From Carolyn Lucado Griffin's September presentation to the Society
How might an aficionado of local history find out about our progenitors with little more than a single clue to start their search? September’s Ypsilanti Historical Society membership meeting showed the way.
When Carolyn Lucado Griffin’s husband Eanie discovered and purchased a 1860s rifle with William Horace Worden’s name, date, and “Ypsilanti” inscribed on the barrel, the Griffins began tracing its origin. Who was Worden and what can we find out about the maker of this ancient gun the Griffin’s wondered. All they had was a name, date, and city of manufacture. The Griffins wanted to know more about W.H. Worden.
Their search began and that search became the focus of her presentation to the Historical Society. Earnest showed off his ancient rifle and Carolyn told of the check-points along their journey of discovery. She projected copies from those sources onto the screen so the audience could see what such information revealed about Worden.
Griffin's sources for information included:
* Atlas (a combination of maps from Washtenaw County)
* Census records
* City directories
* City or town histories (Harvey C.Colburn’s The Story of Ypsilanti)
* Civil War histories (Worden enlisted more than once and was a prisoner of war)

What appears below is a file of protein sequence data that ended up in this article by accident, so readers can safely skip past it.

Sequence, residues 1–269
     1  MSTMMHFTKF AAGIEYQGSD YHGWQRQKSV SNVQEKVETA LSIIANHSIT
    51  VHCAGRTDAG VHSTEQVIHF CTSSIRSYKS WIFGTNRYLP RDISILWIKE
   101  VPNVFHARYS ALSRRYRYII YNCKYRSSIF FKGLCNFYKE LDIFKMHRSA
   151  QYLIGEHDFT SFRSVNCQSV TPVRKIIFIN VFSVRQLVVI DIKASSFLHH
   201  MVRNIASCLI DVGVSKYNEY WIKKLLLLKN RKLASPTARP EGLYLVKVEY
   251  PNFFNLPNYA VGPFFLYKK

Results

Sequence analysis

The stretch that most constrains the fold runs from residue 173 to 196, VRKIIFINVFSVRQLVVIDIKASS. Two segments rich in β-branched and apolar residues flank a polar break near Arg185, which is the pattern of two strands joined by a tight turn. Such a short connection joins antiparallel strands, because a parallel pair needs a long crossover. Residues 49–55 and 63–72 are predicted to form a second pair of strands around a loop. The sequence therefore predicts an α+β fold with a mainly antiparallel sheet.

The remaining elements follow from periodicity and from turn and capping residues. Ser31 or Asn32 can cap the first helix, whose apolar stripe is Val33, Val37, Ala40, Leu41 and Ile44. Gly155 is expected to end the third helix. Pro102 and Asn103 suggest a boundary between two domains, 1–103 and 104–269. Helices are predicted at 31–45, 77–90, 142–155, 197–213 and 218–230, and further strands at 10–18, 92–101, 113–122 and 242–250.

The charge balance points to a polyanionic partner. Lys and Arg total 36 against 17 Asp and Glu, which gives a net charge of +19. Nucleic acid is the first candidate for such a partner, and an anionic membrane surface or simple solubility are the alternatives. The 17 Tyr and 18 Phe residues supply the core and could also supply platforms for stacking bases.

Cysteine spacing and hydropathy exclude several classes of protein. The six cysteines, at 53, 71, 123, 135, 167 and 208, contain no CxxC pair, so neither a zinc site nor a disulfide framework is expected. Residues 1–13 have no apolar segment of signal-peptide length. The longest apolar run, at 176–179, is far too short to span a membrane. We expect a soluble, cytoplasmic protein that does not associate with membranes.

* County histories (Chapman’s History of Washtenaw County)
* Family histories (Waite Wordern's book, ‘Worden, a Weir in the Valley’)
* Gazeteers and Business directories
* Local genealogical society (Genealogical Soceity of County)
* Libraries (local, county, historical, state, or university)
* Michigan soldiers and sailors
* Michigan volunteers in the Civil War, 1861-1865
* Newspapers, (local, county, state)
Other sources Griffin found useful:
The search seemed almost at a dead end at one time, when Waite Worden revealed that he had never known his uncle, but came alive again when he revealed one tiny scrap of information that “might be useful.”
After digging through all these repositories of information, Griffin presented what be- came the final and most satisfying evidence of all: a portrait photograph of William Horace Worden.
Photo 1: Earnest and Carolyn with the rifle at the entrance to the Fletcher-White Archives
Photo 2: William Horace Worden